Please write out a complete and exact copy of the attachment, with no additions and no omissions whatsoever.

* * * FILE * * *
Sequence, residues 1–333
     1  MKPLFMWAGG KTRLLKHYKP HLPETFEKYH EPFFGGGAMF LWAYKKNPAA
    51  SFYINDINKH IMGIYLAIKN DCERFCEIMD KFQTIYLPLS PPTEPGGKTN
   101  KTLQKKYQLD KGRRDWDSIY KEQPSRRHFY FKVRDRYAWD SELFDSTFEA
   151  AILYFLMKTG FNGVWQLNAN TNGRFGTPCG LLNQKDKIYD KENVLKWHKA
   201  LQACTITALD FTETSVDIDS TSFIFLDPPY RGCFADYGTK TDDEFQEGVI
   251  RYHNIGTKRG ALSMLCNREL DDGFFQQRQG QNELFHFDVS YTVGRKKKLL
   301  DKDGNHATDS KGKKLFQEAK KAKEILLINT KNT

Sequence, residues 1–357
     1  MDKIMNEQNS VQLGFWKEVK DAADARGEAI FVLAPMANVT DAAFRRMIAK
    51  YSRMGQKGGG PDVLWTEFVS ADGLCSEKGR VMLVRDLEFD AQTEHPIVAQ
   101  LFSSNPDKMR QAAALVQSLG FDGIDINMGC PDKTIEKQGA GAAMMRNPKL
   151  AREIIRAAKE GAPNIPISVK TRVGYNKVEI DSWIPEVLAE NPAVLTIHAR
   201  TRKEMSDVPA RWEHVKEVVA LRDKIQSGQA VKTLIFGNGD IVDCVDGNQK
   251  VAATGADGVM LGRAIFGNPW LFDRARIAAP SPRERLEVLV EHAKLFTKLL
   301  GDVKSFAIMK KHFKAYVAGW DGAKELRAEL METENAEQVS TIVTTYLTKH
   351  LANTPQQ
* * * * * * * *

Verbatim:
Sequence, residues 1–333
     1  MKPLFMWAGG KTRLLKHYKP HLPETFEKYH EPFFGGGAMF LWAYKKNPAA
    51  SFYINDINKH IMGIYLAIKN DCERFCEIMD KFQTIYLPLS PPTEPGGKTN
   101  KTLQKKYQLD KGRRDWDSIY KEQPSRRHFY FKVRDRYAWD SELFDSTFEA
   151  AILYFLMKTG FNGVWQLNAN TNGRFGTPCG LLNQKDKIYD KENVLKWHKA
   201  LQACTITALD FTETSVDIDS TSFIFLDPPY RGCFADYGTK TDDEFQEGVI
   251  RYHNIGTKRG ALSMLCNREL DDGFFQQRQG QNELFHFDVS YTVGRKKKLL
   301  DKDGNHATDS KGKKLFQEAK KAKEILLINT KNT

Sequence, residues 1–357
     1  MDKIMNEQNS VQLGFWKEVK DAADARGEAI FVLAPMANVT DAAFRRMIAK
    51  YSRMGQKGGG PDVLWTEFVS ADGLCSEKGR VMLVRDLEFD AQTEHPIVAQ
   101  LFSSNPDKMR QAAALVQSLG FDGIDINMGC PDKTIEKQGA GAAMMRNPKL
   151  AREIIRAAKE GAPNIPISVK TRVGYNKVEI DSWIPEVLAE NPAVLTIHAR
   201  TRKEMSDVPA RWEHVKEVVA LRDKIQSGQA VKTLIFGNGD IVDCVDGNQK
   251  VAATGADGVM LGRAIFGNPW LFDRARIAAP SPRERLEVLV EHAKLFTKLL
   301  GDVKSFAIMK KHFKAYVAGW DGAKELRAEL METENAEQVS TIVTTYLTKH
   351  LANTPQQ